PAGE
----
Research

The research focus areas in the Moeckel lab are centered on the vascular and cellular biology of acute kidney injury and progression of chronic kidney disease:

  1. Cell survival mechanisms under hypertonic conditions: the focus is on COX2-dependent survival of renal medullary cells and the role of chaperones such as organic osmolytes and heat shock proteins in preventing apoptosis.
  2. The role of hyperphosphatemia in progression of chronic kidney disease (CKD): phosphate-induced AKI and progression of interstitial fibrosis and the molecular mechanisms thereof.
  3. Cell-matrix interaction and its role in cell volume regulation: cytoplasmic membrane and cytoskeleton proteins stimulate signaling pathways that regulate osmo-adaptive responses and cell volume.
  4. The role of renal fibroblasts in progression of diabetic nephropathy: we examine the molecular mechanisms how high glucose stimulates collagen and fibronectin synthesis in cortical and medullary fibroblasts.

Hyperosmotic stress is highly prevalent in the kidney medulla and how cells survive in this lethal environment is largely unknown. Medullary interstitial cells contain very high concentrations of cyclooxygenase 2 (COX2) that synthesizes the prostanoids PGE2 and PGI2, which are important in mediating cell survival under hyperosmotic conditions. Our lab discovered that COX2 activity is an important regulator of the compatible osmolyte response in medullary kidney cells and that Integrins play an important role in the cell-matrix interaction that leads to accumulation of compatible osmolytes and cell volume regulation. The mechanisms employed by kidney cells to sense the hypertonic environment and communicate this signal to transcription factors such as TonEBP/NFAT5, which subsequently drive the expression of osmolyte transporters and heat shock proteins, is one focus of our studies.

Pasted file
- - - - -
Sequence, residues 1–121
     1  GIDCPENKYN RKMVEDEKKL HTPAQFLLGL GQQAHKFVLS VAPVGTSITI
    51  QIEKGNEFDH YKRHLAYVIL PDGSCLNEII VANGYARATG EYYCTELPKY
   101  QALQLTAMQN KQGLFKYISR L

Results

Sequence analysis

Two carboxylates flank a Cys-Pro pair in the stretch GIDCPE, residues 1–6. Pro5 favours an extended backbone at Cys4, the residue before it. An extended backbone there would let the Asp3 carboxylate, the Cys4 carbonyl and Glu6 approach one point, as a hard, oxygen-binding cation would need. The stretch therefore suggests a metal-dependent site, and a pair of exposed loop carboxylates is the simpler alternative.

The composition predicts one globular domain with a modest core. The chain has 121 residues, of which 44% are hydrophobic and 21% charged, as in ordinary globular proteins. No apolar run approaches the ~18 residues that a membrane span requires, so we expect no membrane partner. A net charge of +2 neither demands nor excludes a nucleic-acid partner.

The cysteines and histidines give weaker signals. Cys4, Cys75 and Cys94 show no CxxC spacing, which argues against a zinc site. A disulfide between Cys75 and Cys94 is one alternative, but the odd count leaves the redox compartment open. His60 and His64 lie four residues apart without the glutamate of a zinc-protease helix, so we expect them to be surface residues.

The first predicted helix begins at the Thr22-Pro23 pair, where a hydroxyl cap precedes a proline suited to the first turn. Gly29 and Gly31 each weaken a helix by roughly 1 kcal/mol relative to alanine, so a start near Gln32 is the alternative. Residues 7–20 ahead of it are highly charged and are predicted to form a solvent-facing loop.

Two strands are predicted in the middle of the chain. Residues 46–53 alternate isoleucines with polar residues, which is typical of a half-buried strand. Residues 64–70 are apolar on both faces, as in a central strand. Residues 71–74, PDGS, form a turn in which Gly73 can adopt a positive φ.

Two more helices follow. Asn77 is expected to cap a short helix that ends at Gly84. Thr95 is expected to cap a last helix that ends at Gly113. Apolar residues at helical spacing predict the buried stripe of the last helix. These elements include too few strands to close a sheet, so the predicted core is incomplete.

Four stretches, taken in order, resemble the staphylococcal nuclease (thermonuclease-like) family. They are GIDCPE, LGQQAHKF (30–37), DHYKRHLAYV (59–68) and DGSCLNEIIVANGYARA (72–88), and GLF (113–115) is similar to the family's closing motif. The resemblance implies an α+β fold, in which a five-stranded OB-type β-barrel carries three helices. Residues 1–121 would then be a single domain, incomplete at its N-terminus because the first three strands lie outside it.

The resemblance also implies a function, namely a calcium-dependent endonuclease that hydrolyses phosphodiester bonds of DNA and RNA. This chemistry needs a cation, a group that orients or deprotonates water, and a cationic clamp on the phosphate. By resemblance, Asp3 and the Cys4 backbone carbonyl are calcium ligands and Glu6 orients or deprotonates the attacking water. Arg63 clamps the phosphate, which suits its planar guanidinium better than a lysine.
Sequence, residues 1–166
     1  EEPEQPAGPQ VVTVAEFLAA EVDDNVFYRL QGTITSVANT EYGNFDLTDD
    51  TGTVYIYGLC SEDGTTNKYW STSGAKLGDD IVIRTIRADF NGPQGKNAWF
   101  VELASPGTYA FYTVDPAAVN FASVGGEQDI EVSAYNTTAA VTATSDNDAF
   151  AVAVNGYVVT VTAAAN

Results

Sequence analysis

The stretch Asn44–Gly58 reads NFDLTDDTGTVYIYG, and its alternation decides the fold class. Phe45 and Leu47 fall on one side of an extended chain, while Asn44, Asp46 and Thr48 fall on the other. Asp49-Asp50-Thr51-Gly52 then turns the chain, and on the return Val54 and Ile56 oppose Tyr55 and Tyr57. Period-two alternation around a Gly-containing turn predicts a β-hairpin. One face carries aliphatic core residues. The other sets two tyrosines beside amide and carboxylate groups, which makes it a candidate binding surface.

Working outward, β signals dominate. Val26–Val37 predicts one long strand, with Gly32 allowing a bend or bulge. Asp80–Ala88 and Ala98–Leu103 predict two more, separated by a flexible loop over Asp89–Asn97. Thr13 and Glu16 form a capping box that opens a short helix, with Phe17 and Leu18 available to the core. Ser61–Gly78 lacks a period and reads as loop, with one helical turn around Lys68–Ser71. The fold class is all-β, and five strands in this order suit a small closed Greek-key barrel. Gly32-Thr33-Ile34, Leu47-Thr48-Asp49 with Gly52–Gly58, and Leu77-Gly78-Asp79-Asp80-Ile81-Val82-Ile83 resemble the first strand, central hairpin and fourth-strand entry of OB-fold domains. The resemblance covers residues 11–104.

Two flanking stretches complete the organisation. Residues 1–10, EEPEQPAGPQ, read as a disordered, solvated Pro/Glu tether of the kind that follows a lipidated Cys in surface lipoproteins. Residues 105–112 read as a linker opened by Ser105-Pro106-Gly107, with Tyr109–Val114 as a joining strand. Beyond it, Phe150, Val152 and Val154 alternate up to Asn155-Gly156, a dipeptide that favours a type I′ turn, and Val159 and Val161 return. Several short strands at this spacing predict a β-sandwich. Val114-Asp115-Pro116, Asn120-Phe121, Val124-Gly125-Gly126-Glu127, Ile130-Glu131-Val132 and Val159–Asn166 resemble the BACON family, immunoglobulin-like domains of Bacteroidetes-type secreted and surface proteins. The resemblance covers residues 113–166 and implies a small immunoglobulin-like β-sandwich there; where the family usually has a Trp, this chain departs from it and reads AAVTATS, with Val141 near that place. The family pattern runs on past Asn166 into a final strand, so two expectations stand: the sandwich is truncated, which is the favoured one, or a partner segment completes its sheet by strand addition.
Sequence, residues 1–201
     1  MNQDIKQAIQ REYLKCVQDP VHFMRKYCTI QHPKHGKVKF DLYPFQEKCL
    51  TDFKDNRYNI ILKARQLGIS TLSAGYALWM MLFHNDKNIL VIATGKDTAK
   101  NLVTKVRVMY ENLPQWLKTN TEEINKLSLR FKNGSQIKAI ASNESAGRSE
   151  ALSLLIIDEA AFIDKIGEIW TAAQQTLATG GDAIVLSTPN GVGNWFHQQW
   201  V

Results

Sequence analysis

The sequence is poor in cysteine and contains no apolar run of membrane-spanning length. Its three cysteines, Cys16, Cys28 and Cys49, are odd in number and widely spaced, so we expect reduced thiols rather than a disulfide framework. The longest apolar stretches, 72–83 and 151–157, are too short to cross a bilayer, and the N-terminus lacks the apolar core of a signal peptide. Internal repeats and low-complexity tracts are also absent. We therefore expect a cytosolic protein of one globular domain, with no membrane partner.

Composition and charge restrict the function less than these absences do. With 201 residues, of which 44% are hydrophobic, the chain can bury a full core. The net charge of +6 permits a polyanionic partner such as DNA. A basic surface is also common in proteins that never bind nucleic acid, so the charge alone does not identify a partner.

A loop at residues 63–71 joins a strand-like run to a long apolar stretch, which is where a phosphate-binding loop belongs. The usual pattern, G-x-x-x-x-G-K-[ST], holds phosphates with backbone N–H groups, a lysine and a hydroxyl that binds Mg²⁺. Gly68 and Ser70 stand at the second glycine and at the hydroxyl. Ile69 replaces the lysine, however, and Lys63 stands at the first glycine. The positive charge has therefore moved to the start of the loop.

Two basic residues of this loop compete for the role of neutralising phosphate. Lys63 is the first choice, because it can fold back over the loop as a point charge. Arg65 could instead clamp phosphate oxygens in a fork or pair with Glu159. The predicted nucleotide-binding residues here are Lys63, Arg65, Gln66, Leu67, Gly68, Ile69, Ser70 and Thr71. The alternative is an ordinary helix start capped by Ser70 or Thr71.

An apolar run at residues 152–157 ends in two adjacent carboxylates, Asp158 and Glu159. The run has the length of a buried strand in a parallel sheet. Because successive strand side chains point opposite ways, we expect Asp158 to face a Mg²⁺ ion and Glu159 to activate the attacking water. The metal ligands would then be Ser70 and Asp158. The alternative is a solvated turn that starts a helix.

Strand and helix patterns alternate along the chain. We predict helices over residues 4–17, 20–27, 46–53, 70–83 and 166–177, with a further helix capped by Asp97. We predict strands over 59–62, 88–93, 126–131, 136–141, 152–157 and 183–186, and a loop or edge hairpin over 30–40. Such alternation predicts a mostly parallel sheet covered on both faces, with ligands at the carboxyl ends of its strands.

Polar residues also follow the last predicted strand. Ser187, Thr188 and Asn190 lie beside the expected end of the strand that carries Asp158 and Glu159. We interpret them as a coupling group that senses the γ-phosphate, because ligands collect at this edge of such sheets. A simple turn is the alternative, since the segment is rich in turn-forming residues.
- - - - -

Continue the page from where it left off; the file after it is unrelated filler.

Renal fibroblasts play an important role in the development of interstitial fibrosis and progression of CKD. Our lab is currently investigating the mechanisms that lead to increased synthesis of fibrogenic molecules such as fibronectin and collagen in renal fibroblasts under hyperphosphatemic and hyperglycemic conditions. We have generated primary and immortalized fibroblast cell lines from renal cortex and medulla, which we employ to study signaling pathways and the regulation of transcription factors that drive progression of fibrosis. Moreover, we are investigating the role of endothelial cell injury in progression of renal fibrosis using diabetic mouse models.